Sunday, April 16, 2006

Minority rights, respect and the balance of power

The mystery of Sarajevo
It has often been noted that while Sarajevo was under siege many Serbs were living in the city and participating in its defense on the Muslim side. It is less known that since the war ended many of those Serbs have left. And Serbs and Croats are still leaving Sarajevo. This is often explained as a resentment from the war. But this does not explain why this hostility increased after the war had ended.

I believe there is another explanation. After the war the Bosniac army fired its non-muslim commanders and Bosniac parties started a campaign that blamed the Serbs (and to a lesser extent also the Croats) for the war and painted the Muslims as innocent victims. The presence of peace keepers and other internationals didn't help very much: most of them have learned from the media at home that the Muslims are the good guys and the Serbs the bad guys. And as they stay often less than a year they don't have much time to develop a more nuanced picture.

As a consequence the social status of the Serbs has sunk. "war criminal" is now a label that is sticking on every Serb - indepently of what he did in the war. I think the phenomena is quite similar to painting Jews as the "murderers of Christ". Justified indignation about crimes is being used by bullies as a tool. It is a very effective tool to keep a minority in an inferior position.

Bosnia had a civil war. But the war was about something. It was about the distribution of power in Bosnia. Under Tito the Muslims had dominated the government. But the central government in Belgrade formed a counterweight so the Serbs didn't worry. Yugoslavia was a dictatorship anyway. But with democracy coming and Bosnia becoming independent they wanted guarantees. Not surprising for anyone who has read the book of Izetbegovic where he talks about Muslims grabbing power and sees Pakistan is the ideal Islamic state. So this was a real conflict and people can respect each other in comflict - even when war crimes are committed. There are good and bad people everywhere.

That history is now rewritten. Instead we are told about some mad power-hungry Milosevic who in collaboration with the local crazy Serbs attacked an innocent Bosnia. This is slowly poisoning the ethnic relations in Bosnia and may have far-reaching consequences in the future.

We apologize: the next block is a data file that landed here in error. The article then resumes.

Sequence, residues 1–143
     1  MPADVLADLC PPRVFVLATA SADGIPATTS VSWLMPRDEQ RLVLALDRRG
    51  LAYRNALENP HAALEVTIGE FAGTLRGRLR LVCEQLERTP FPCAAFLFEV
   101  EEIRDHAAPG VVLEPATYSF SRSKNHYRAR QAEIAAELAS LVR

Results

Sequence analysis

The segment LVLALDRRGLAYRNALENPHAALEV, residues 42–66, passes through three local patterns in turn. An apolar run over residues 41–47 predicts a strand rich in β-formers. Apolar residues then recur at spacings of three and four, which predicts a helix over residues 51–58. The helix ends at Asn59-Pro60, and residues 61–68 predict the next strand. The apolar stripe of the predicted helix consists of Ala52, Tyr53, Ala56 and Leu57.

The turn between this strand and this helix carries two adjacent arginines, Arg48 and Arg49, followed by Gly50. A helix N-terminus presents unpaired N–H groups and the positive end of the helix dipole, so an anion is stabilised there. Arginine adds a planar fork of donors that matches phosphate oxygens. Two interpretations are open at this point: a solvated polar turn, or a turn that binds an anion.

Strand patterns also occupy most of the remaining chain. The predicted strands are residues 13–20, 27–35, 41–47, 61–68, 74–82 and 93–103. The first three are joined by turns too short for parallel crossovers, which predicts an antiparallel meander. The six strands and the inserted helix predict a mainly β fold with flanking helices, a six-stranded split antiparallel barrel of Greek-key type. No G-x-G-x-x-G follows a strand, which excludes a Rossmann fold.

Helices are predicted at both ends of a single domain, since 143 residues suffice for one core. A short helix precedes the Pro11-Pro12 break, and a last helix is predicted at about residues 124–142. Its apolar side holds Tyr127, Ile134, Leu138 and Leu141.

One of the consequences of less status is less power and this is very clear with the Serbs. At the moment the Dayton Treaty is torn up piece by piece and the Serbs are bullied into submission by threats from the OHR. Sure, Bosnia needs reforms, but these should be the result of an agreement of Bosnia's ethnic groups. Instead the Muslims decide alone and the West helps them to impose their will.

I remember one of Bosnia's internationals saying that the Serbs will have to go through the dust like the Germans after 1945 before the Muslims will be able to accept them again. Unfortunately this kind of ignorant people are quoted in newspapers as experts. They do not understand that they are comdemning a whole nation for the crimes of a few. Neither do they understand that they are condemning Serbs to being a kind of second class citizens like gypsies are in many countries. And least of all they don't understand that you cannot have a stable democracy where more than a third of the population is treated like second class citizens.

So now Bosnia is an instable state with bad prospects for real democracy - because democracy is based on equality. And the internationals are doing their best - with the best intentions - to make it worse.

In Bosnia there was a balance of power before the war and the Serbs, Croats and Muslims where reasonable equal. Kosovo has a quite different history in which at some time the Serbs and at other times the Albanians were at the top. And each of them had the habit to treat the other like second class citizens. Because of these experiences both sides tend to be much more radical than the people from Bosnia in order to secure their dominance.

This became clear immediately clear after the war when many Serbs were chased away, their properties stolen and some killed. The KFOR soldiers looked the other way and many of them thought that the Albanians were entitled to have some revenge after what the Serbs had done to them.